Correspondents' Eye on Tokyo:
Tech and Retro in Tokyo

When it comes to tech in Tokyo, for many people the overriding image is that of robots and sci-fi-level gadgetry. But when news editor Sarah Hilton found herself moving to the city from Australia in 2018, it was in fact the contrast between the historic and the conveniently futuristic found in everyday life in Tokyo that held her fascination.
From its history to latest news, Sarah Hilton loves all things tech.

Retro Tokyo

Growing up in Sydney with a Japanese mother and English father, Hilton spent some time traveling between Australia and Japan to visit family, but never imagined one day living here. When she finally came in 2018 to work at Nikkei, one of Japan's major national newspapers, she felt like she had stepped back in time. Explaining: "When I moved here, I lived in Yanaka, Taito City, Tokyo which was such a ball. It's such an old part of Tokyo. It suffered less damage than many other areas in World War II and so it's this amazing time capsule from pre-1940s Tokyo."

It was not just Hilton's rose-colored glasses swaying her opinion of Yanaka either, as she would often hear from friends and family coming to visit that they had a wonderful time exploring and meeting local shopkeepers. She feels that the area has a real sense of community that contributes to the welcoming ambiance.

Eventually, she moved to Nakameguro, Meguro City, Tokyo, to experience a more modern side of the city. While she enjoys exploring the nooks and crannies of her new neighborhood, she still finds herself spending weekends in Yanaka, making the most of the unique combination of tradition and modernity in Tokyo's neighborhoods.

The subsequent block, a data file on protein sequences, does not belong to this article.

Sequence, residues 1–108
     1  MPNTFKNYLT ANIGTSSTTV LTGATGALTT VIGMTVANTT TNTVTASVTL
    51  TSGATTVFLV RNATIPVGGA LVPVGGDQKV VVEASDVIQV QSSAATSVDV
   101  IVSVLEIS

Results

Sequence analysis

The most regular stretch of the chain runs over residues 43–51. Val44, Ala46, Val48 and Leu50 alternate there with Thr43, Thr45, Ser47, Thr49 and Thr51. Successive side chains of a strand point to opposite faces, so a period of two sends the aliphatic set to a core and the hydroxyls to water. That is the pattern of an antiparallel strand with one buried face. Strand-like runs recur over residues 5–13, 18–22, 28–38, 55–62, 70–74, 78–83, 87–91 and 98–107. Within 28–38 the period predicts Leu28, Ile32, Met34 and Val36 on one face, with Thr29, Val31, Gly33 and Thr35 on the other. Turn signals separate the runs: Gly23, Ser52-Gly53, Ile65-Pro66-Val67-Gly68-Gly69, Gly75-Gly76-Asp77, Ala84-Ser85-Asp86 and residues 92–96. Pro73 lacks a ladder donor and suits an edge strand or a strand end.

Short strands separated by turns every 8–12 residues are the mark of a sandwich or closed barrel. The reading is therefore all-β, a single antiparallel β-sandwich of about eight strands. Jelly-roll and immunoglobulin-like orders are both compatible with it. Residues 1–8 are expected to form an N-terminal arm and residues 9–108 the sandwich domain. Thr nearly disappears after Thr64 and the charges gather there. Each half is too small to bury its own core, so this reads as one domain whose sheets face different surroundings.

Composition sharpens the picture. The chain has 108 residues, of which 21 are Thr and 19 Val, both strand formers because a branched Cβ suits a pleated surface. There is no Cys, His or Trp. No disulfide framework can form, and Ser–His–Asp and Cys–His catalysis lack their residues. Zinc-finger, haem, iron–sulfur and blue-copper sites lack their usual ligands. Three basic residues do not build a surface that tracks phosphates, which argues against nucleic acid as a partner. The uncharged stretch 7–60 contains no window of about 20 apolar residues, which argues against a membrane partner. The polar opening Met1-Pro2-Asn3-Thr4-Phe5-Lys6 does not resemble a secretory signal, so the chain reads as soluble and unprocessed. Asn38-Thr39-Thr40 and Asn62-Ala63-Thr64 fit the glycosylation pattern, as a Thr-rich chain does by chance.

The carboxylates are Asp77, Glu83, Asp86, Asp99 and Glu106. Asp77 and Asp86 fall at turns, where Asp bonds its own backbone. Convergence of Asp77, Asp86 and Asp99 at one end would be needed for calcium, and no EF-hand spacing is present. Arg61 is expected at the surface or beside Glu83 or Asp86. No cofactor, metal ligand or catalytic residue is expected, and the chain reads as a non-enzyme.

Tokyo and Tapes

Hilton's interest in retro Tokyo does not stop with Yanaka, but instead finds a crossover with Japanese tech in the form of her cassette-tape collection.

Her interest in cassette tapes started when a friend made her a mixtape and bought her a retro Walkman, Sony's portable cassette player, from waltz, a record and tape store on the backstreets of Nakameguro. From there, she was hooked, and began frequenting the store to see what she could to add to her ever-growing collection.

Hilton's retro Sony Walkman and one of the cassettes on her current rotation. Photo: courtesy of Sarah Hilton

Hilton remembers growing up around tapes because of her father, but it had been a while since she had seen any when she visited waltz: "Because Japan still has a bit of everything, you can buy tapes there that are difficult to find in other countries. You can get second-hand tapes from the 1970s as easily as you can cassette tapes of new releases, which are starting to be produced again, too."

waltz cassette-tape and record store in Nakameguro is one of Hilton's go-to places for physical media in Tokyo.  Photo: courtesy of waltz

There is a part of Hilton that finds fascination in this tech of the past. "I think the way that Japan collects physical media is really interesting, and if you're into that stuff it's an endless rabbit hole." One of the places that she feels really embodies the contrast between retro and modern tech in Tokyo is Akihabara. "It's an indispensable platform for tech and a part of the history of Tokyo. Akihabara is very cool, I love how there is a niche for everything from gaming to gadgets, music to anime culture."